This course provides an introduction to Western art and architecture from the fourteenth century to the present. We will study significant works of architecture, sculpture, pictorial art, and work in newer media in relation to their defining characteristics. Artworks will be considered in terms of their subject matter, technique, patronage, related art theory and criticism, and the historical and cultural circumstances surrounding their production and consumption.
Aims and Objectives
The primary aim of this course is to cultivate in students an appreciation and critical understanding of art that will enrich their lives for many years to come. The course will also provide a broad historical foundation for the further study of art and culture.
By the successful completion of this course, students should demonstrate:
- Knowledge of major periods and key monuments in Western art history, from the fourteenth century to the present
- An understanding of the relationship between artistic technique and the expression of a work’s underlying concept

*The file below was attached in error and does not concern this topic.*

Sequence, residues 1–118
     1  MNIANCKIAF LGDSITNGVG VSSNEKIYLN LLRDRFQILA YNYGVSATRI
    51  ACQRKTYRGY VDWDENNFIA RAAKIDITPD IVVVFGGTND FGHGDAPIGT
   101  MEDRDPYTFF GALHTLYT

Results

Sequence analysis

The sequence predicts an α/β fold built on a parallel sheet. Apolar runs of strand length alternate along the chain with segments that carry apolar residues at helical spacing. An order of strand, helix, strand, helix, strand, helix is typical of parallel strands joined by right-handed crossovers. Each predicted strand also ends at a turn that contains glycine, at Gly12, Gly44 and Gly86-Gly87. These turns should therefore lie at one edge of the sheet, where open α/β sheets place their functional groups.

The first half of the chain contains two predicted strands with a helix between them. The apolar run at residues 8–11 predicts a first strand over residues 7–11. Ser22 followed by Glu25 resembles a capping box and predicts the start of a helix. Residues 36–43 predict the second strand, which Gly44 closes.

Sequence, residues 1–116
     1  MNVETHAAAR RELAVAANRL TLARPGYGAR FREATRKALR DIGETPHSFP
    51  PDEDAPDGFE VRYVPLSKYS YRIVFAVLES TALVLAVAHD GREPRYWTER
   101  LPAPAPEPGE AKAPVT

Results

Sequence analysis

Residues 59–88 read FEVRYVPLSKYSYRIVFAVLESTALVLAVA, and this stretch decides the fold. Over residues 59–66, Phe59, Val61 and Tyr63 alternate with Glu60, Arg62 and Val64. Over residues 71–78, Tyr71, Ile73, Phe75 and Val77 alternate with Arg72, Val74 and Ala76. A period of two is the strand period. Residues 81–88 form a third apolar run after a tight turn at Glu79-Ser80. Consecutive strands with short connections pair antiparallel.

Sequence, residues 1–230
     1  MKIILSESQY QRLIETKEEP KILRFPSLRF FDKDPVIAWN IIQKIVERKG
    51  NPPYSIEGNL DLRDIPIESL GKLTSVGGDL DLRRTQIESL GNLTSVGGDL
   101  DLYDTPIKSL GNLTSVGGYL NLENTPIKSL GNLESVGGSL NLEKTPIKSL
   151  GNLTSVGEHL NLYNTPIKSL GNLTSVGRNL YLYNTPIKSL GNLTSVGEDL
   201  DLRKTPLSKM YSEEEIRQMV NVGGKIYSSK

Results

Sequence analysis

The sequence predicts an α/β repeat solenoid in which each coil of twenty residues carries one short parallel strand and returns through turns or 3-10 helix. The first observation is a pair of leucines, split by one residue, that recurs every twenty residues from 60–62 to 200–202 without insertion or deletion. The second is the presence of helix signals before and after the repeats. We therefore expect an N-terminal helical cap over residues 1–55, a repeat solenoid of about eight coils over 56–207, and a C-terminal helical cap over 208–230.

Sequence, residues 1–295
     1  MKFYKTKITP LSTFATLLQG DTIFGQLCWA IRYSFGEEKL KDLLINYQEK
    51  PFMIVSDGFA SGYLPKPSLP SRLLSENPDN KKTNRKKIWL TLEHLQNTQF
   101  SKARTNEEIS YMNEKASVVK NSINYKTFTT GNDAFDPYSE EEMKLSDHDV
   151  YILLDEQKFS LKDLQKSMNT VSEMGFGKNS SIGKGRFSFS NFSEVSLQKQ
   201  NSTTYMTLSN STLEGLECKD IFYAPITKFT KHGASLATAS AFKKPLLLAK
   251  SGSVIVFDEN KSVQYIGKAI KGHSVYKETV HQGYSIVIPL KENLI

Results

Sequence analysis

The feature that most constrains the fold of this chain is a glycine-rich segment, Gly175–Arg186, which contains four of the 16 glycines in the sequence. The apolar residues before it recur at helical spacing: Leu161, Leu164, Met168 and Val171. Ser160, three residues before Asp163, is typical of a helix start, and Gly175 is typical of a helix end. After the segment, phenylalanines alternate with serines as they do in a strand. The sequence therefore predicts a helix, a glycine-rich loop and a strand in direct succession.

- The ability to analyze works of art in terms of their visual effects, to correctly read architectural plans and elevations, and to analyze a building in terms of its spatial effects
- An understanding of the varying interpretative approaches that have been brought to bear upon the art of the past, and of the strengths and limitations of these differing methodologies
- The ability to use visual and spatial analysis of specific works of art and architecture in the service of a critical argument
- The ability to evaluate differing interpretations of works of art and to make their own critical judgments on the arguments advanced
The course is taught in a combination of lectures and seminars. The lectures are organized chronologically and thematically. There are two distinct seminars each week. One is devoted to engaged class discussion of artworks introduced in lectures. In this seminar, students will develop their visual analysis skills. The other seminar is dedicated to the discussion of assigned readings. These readings consist of a mixture of historical and literary texts related to artworks, key texts in the history and criticism of art, and recent critical writings. Both seminars will develop student competence in using words to discuss visual and spatial experience. Where possible, seminars will include visits to examine locally available art and architecture in person.